Canada Goose is coming under fire for allegedly misleading consumers about the nature of the trapping methods used to source the fur for its buzzy jackets by claiming that it is dedicated to “the ethical, responsible, and sustainable sourcing and use of real fur.” According to the proposed class action complaint that he filed in a New York federal court November 20, plaintiff George Lee claims that when he purchased a fur-trimmed Chateau parka from Canada Goose in November 2017, he relied on Canada Goose’s representations that the fur on the jacket was sourced using ethical and humane trapping methods, only to learn that “Canada Goose’s suppliers use cruel methods that cause strangulation and broken bones to coyotes and other animals who are inadvertently trapped and discarded.”
Lee alleges that consumers “are willing to pay more for products labeled and marketed … [as being] ethically and sustainably sourced” than they are “for competing products that do not provide such assurances.” Canada Goose knows this, he claims, which is why it “cultivates an image of products [that are] a humane alternative for consumers who wish to avoid fur products that are sourced using inhumane, unsustainable, and unethical trapping practices.” In this vein, Canada Goose “makes specific representations about the ‘ethical’ sourcing of its fur,’” including on hangtag attached to its products, which tout the company’s “commitment to support the ethical, responsible, and sustainable sourcing and use of real fur” and its observance of various sourcing standards in the U.S. and Canada.
The problem, according to Lee’s complaint is that Canada Goose’s statements are misleading, as they suggest that the fur-sourcing practices used by Canada Goose trappers “prevent the infliction of extreme pain or distress on animals trapped for its fur products” when they do not. “While Canada Goose’s public representations lead reasonable consumers to believe that the company exclusively uses fur from humanely treated and slaughtered animals,” Lee argues that the company “allows for the purchase of fur from inhumane sources, [and] allows for sourcing from trappers that operate in jurisdictions that have no regulations regarding the methods of slaughtering trapped animals or the types of traps that may be used.”
Addressing Canada Goose’s assertions that all of its fur is sourced in line with the Agreement of International Humane Trapping Standards in Canada and the Best Managed Practices in the United States, Lee specifically claims that “even if Canada Goose did ensure compliance,” its ethical and sustainable sourcing statements are, nonetheless, misleading because “these standards themselves authorize inhumane trapping practices that reasonable consumers would perceive as neglectful and unduly harmful.”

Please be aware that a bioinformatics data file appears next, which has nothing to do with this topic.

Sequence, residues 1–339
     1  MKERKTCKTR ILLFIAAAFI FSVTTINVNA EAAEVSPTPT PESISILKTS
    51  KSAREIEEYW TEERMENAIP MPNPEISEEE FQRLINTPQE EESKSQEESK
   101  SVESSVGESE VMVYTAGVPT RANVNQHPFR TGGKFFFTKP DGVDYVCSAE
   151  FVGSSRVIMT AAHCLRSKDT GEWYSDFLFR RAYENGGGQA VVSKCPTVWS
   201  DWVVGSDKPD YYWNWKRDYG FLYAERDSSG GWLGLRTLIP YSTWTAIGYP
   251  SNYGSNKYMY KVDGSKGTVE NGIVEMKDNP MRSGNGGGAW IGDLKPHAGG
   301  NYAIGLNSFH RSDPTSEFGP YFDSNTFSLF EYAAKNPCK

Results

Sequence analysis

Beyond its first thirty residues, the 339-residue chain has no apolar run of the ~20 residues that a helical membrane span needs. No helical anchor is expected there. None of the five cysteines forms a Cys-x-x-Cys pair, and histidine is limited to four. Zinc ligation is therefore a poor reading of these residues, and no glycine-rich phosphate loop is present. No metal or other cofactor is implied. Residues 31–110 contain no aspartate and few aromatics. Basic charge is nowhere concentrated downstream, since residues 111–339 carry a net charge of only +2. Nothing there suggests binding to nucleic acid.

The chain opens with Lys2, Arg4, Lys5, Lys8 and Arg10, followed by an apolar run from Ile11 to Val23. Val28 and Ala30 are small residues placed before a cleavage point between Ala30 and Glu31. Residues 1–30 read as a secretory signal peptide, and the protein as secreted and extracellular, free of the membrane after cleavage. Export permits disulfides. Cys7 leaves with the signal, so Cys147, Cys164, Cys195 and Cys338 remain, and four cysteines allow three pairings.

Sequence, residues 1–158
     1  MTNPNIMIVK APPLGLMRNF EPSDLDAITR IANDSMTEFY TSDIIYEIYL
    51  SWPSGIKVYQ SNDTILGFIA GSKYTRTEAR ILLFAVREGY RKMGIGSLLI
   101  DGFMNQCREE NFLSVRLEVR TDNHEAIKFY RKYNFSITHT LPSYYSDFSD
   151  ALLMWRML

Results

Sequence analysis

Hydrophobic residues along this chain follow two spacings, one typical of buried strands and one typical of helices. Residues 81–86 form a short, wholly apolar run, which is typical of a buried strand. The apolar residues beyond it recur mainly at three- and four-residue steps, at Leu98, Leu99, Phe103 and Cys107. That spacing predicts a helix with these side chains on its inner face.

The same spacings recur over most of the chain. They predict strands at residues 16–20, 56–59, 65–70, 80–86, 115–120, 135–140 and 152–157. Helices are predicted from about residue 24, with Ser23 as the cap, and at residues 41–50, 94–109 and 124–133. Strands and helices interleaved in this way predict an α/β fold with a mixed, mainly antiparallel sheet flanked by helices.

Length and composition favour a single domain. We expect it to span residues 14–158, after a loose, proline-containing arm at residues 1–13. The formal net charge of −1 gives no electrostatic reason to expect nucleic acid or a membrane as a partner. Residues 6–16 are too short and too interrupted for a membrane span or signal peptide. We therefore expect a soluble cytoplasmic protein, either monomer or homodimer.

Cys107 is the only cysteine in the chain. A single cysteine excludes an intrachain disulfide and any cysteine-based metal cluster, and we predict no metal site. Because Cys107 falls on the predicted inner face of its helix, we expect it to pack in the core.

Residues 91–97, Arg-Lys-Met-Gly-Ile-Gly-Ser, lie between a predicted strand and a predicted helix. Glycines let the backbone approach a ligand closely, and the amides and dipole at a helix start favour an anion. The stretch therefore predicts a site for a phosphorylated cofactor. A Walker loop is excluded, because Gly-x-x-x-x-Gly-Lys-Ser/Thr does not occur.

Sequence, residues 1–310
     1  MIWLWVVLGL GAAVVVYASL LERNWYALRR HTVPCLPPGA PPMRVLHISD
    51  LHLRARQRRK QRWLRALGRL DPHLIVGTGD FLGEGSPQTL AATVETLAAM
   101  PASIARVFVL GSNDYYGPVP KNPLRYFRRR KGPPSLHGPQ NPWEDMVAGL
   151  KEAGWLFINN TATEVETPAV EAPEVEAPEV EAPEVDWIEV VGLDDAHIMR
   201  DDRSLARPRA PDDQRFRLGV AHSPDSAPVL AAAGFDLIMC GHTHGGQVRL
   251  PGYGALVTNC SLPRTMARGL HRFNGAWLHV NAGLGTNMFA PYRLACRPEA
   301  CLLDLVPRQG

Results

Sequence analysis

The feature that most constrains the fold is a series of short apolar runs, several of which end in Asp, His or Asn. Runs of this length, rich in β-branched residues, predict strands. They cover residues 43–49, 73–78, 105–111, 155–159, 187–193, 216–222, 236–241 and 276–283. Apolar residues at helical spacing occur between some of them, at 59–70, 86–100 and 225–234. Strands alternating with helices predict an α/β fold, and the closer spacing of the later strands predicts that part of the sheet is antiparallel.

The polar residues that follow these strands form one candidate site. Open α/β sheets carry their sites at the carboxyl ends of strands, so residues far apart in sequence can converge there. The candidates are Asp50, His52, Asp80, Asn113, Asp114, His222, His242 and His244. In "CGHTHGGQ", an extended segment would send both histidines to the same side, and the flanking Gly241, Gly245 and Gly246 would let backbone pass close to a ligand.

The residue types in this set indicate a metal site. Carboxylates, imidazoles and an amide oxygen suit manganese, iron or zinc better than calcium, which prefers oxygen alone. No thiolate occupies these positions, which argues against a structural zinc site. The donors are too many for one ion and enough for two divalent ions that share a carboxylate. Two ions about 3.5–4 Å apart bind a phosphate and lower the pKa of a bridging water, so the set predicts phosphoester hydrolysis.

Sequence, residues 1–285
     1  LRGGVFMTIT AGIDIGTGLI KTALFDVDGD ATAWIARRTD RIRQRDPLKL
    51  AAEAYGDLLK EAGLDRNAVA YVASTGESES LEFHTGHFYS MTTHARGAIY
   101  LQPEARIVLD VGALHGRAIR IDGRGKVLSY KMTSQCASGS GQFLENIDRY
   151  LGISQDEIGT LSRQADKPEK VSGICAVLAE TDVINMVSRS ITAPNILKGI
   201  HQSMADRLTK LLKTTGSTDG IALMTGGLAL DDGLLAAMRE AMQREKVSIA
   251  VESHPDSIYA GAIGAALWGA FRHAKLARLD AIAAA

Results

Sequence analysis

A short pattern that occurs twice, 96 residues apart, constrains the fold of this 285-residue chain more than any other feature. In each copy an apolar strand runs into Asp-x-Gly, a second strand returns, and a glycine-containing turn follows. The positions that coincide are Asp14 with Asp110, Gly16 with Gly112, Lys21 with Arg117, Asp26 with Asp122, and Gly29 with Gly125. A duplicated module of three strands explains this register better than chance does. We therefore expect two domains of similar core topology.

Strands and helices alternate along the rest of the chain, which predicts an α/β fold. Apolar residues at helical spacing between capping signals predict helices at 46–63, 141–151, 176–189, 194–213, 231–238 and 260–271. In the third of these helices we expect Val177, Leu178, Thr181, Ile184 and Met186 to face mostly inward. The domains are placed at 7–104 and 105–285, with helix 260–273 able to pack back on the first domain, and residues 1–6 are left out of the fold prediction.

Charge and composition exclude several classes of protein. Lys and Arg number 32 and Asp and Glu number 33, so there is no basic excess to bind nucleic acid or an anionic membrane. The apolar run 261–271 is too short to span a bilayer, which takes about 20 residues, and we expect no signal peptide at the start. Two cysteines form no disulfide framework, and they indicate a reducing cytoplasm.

As such, Lee contends that “Canada Goose capitalizes on consumers’ knowledge gap regarding fur industry practices by misrepresenting the treatment of the coyotes in its supply chain, including statements made on its product labels,” and in doing so, is running afoul of the DC Consumer Protection Procedures Act – which prohibits false advertising – and various state consumer protection statutes. Beyond that, he claims that Canada Goose’s statements amount to “a series of express and implied claims and/or omissions that [Canada Goose] knows is material to the reasonable consumer in making a purchasing decision, and that [it] intended for consumers to rely upon when choosing to purchase the products,” and thereby, breached when it failed to live up to them. And still yet, he claims that the brand has been unjustly enriched as a result.
In addition to certifying his proposed class action, Lee is seeking “declaratory relief in the form of an order declaring [Canada Goose’s] conduct to be unlawful, as well as injunctive relief putting an end to Defendant’s misleading and unfair business practices, including a change to the current products’ representations, packaging, labels and marketing of the fur products so that they are no longer represented as ‘ethical’ and ‘sustainable’ and subject to strict animal welfare regulations.” He is also seeking monetary damages in connection with his claims.
The case is George Lee, et. al., v. Canada Goose US, Inc., 1:20-cv-09809 (SDNY).